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Friday, September 29, 2006
New Campaign, Featuring Smokers’ Personal Stories, Encourages Tobacco Users to “Be a Quitter”
Smokers and tobacco users trying to quit will soon have a potent ally — fellow smokers. The “Quit Now” Challenge a new initiative featuring the inspirational stories of people who want to quit smoking, was announced today by The National Cancer Institute (NCI) and the Centers for Disease Control and Prevention (CDC), both agencies of the Department of Health and Human Services (HHS). Now through October 27, 2006, 1-800-QUIT-NOW will accept submissions from cigarette smokers and other tobacco users explaining, in their own words, why they want to “Quit Now!” Interested participants can visit 1800quitnow.org for specific instructions on how to submit video entries. Successful quitters whose stories are chosen will be announced on February 1, 2007.
The “Quit Now” Challenge, part of the “Be A Quitter” campaign, enhances NCI and CDC’s ongoing National Network of Tobacco Cessation Quitlines initiative. Participants — chosen among men and women between 18 and 29 years old — will be available for local television, radio, and newspaper interviews. These participants also will be encouraged to help others quit by posting daily diaries and sharing their personal stories of QUIT-NOW experiences on the official 1-800-QUIT-NOW Web site, 1800quitnow.org. Callers to 1-800-QUIT-NOW, which is a single point of access to state-based quitlines, will continue to receive practical, effective help quitting smoking, information materials, and referrals to other resources.
“Since 1-800-QUIT-NOW was launched in 2004, it has remained an important resource for the 45 million Americans who smoke, and for other tobacco users, to help them end their addiction,” said HHS Secretary Mike Leavitt. “Such a program is vital to help improve the public health of this country, as young people continue to light up, and others continue to die from tobacco-related disease.”
“NIH is committed to improving the health of all Americans and reducing the burden of illness,” said NIH Director Elias A. Zerhouni, M.D. “Encouraging people to quit smoking, and supporting them in their effort to do so, is an important step in preventing the myriad of diseases caused by smoking and tobacco use.”
“As a research institution, NCI is coordinating a wide-ranging program to study the mechanisms and molecular pathways of lung cancer — and the relationship of these pathways to nicotine and known carcinogens present in tobacco,” said NCI Director John E. Niederhuber, M.D. “Knowing, as we do, that tobacco use accounts for 30 percent of all cancer deaths, helping people quit is key to reducing the burden of this disease.”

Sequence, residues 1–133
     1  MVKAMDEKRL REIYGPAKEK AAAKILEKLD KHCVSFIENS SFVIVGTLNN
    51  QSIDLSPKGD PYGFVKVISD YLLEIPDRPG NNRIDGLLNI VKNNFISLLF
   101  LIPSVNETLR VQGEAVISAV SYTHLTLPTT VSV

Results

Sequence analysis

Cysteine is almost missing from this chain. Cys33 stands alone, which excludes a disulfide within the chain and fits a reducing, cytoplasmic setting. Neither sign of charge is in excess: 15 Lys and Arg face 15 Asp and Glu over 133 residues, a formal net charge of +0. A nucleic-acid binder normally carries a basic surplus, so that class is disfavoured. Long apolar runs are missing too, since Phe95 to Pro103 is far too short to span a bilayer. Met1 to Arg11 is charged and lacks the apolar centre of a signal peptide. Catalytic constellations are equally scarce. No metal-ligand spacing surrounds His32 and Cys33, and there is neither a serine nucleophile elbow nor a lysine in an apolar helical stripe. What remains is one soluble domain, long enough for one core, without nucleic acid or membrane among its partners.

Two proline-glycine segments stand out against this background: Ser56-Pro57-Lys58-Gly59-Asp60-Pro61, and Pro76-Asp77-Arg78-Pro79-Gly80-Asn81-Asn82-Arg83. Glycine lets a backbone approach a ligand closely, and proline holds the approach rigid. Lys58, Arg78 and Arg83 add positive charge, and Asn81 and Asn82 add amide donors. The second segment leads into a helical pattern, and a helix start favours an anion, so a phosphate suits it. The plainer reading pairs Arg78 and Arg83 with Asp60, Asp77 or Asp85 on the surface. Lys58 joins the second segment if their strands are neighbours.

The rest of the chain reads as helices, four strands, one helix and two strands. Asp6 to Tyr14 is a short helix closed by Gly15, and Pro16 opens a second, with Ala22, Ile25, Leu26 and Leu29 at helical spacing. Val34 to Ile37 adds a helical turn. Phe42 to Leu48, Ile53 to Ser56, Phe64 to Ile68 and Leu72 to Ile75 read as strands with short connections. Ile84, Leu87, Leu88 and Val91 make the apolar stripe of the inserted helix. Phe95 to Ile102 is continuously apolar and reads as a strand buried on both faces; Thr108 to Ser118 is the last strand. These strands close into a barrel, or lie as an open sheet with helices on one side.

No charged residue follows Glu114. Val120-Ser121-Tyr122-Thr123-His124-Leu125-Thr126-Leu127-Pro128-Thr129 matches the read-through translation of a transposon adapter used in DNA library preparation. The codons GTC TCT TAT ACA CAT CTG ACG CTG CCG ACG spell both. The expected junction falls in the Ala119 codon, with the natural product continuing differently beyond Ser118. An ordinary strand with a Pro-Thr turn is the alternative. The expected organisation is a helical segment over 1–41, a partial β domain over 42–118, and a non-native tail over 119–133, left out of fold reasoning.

Participants who quit smoking by The Challenge’s end will be selected to share their success stories. The NCI and CDC hope that these stories will help further increase quit rates in the United States. The North American Quitline Consortium, corporate partners, and local organizations in communities across the country are key collaborators in 1-800-QUIT-NOW, providing their expertise to help raise awareness about this toll-free access number.
In addition to The “Quit Now” Challenge, television and radio public service announcements, an online educational video, print materials, banner ads, and a Web site (1800quitnow.org) are part of the tobacco cessation campaign effort.
“Quitting tobacco is not something anyone should have to face alone,” said Corinne Husten, M.D., M.P.H., acting director of CDC’s Office on Smoking and Health. “It’s like a journey, filled with ups and downs. But with the proper coaching and support, people can quit.”
For additional information about tobacco cessation, please go to http://smokefree.gov or call 1-800-QUIT-NOW. For more information about tobacco, please go to the National Cancer Institute’s “Tobacco and Cancer” home page at http://www.cancer.gov/cancertopics/tobacco or the Center for Disease Control and Prevention’s Tobacco Information and Prevention Source (TIPS) home page at http://www.cdc.gov/tobacco/.
For information about cancer, please visit the National Cancer Institute Web site at http://www.cancer.gov, or call NCI's Cancer Information Service at 1-800-4-CANCER (1-800-422-6237).
About the National Institutes of Health (NIH): NIH, the nation's medical research agency, includes 27 Institutes and Centers and is a component of the U.S. Department of Health and Human Services. NIH is the primary federal agency conducting and supporting basic, clinical, and translational medical research, and is investigating the causes, treatments, and cures for both common and rare diseases. For more information about NIH and its programs, visit www.nih.gov.
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